- Share this article on Facebook
- Share this article on Twitter
- Share this article on Flipboard
- Share this article on Email
- Show additional share options
- Share this article on Linkedin
- Share this article on Pinit
- Share this article on Reddit
- Share this article on Tumblr
- Share this article on Whatsapp
- Share this article on Print
- Share this article on Comment
A version of this story originally appeared in the Aug. 22 issue of The Hollywood Reporter magazine.
Actors often complain about late residuals checks, although SAG-AFTRA has cut processing delays lately. But few stories compare to the battle waged by Alex Doe (whose name has been changed by THR), a voice actor who was diagnosed with cancer in 2012 and endured a 3½-year residuals runaround from Warner Bros. and SAG-AFTRA that threatened Doe’s health insurance.
Boomerang, the offshoot of Time Warner’s Cartoon Network, failed to report thousands of reruns of the actor’s show for several years, and the Warner Bros. residuals department resisted the union’s contrary data. The actor filed a claim with SAG in February 2011, and the union and studio began arguing about the number of reruns and whether Doe had been overpaid on a DVD release. Warners repeatedly promised more information — surprisingly, collective bargaining agreements don’t require that any particular data be provided — and months often passed between emails and phone calls. In 2012, the head of the union’s residuals claims department referred the matter to a legal department attorney.
But even with both departments involved, the delays continued. (A possible reason: Union attorneys are assigned crushingly large caseloads and also were busy with the complex SAG-AFTRA merger and several major contract negotiations.) “SAG was lazy, and Warner Bros. was negligent,” says the actor in an interview. Nothing much happened until Doe brought in a private lawyer this spring to hound the union. Even then, meaningful residuals didn’t start flowing until the end of July, after Doe enlisted a talent agency exec who interceded with Warners directly.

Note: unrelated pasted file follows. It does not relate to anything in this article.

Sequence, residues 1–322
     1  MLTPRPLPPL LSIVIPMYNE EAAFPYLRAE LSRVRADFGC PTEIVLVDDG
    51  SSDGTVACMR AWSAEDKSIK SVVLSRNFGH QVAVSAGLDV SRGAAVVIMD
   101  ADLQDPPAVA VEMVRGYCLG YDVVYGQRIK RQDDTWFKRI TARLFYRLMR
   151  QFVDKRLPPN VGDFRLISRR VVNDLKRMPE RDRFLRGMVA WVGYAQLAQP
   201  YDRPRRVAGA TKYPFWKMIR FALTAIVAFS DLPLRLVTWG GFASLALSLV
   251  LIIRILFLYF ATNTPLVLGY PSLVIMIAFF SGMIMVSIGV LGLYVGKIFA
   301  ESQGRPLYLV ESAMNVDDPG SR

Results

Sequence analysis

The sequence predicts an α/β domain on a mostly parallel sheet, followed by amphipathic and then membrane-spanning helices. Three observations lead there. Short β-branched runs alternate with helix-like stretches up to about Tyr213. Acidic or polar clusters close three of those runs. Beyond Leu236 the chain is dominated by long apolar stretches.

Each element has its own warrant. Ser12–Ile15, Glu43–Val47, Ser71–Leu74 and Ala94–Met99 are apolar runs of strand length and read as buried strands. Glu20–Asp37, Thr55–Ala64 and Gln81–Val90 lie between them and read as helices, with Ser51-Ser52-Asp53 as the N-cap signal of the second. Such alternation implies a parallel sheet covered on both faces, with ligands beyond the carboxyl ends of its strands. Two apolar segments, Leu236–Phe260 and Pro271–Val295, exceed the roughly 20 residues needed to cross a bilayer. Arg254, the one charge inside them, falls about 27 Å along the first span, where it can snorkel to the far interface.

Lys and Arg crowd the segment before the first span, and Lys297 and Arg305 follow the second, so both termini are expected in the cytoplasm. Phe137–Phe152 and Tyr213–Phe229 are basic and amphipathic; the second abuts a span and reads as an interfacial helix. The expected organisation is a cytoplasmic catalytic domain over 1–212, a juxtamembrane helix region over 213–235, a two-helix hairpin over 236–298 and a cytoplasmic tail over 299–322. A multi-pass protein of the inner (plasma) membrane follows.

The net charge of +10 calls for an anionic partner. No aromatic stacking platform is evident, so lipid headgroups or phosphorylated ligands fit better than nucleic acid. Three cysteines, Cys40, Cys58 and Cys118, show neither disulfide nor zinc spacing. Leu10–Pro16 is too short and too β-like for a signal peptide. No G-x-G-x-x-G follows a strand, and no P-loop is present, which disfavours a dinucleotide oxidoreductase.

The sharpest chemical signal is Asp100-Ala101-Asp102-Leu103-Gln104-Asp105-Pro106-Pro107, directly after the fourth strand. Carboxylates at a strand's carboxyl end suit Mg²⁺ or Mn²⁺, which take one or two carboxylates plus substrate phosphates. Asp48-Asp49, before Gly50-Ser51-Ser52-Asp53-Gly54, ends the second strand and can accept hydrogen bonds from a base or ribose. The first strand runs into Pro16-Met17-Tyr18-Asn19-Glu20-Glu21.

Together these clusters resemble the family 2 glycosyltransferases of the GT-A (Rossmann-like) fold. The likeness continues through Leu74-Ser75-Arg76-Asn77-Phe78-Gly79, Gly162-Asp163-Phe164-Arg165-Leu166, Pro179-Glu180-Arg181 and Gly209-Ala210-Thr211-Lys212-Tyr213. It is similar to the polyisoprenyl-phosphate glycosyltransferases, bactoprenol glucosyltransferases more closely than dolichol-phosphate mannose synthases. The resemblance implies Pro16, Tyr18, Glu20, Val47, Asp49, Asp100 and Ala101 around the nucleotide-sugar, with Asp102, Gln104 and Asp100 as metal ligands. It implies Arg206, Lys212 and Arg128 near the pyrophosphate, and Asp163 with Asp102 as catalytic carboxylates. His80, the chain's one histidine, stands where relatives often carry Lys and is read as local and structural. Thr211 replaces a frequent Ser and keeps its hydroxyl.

SAG-AFTRA counters that what dislodged the money was that Cartoon Network stopped running the series, which, the union says, made it easier to highlight the unpaid Boomerang residuals. “Our team … successfully recovered approximately $200,000 for [Doe and castmates],” a union rep tells THR, calling the case “unfortunate.”
Doe also charges that union representatives were misleading and unsympathetic, and often failed to return calls or make follow-up calls. The particular staffers Doe dealt with have been praised by some members and criticized by others. The union calls them “diligent and dedicated.”
“We all feel a tremendous obligation to ensure the best result for [Doe] and all our members whenever we are pursuing residuals claims,” says a spokesperson. “In certain cases, full and final resolution to a claim may take an extended period of time and that happened in this matter.”
Residuals collected exceed $2 billion per year in aggregate across all entertainment unions, but how much goes uncollected? SAG-AFTRA alone processes over 3.5 million paper checks annually in face amounts that range from meaningless (one cent) to tens of thousands of dollars. Performers’ residuals can average 40 percent of their total compensation, and SAG-AFTRA national executive director David White told THR in 2011 that “very little that we do is more important than getting our members their residuals.”
Doe’s cancer now is in remission, and the independent SAG Health Plan recorded the residuals so that the actor will remain eligible for health insurance. A Warners rep tells THR the studio expects to supply “all outstanding payments and detailed supporting documentation” by the end of August, which could mean full payment for reruns, DVDs, foreign uses, new media and interest on the late payments. Castmates might be owed money, too. Of the ordeal, the Warners rep says, “We very much regret this unfortunate incident and the delay in processing [Doe’s] residuals.”
Bookmark The Hollywood Reporter’s Labor Page for the most in-depth coverage of entertainment unions and guilds.
Sign up for THR news straight to your inbox every day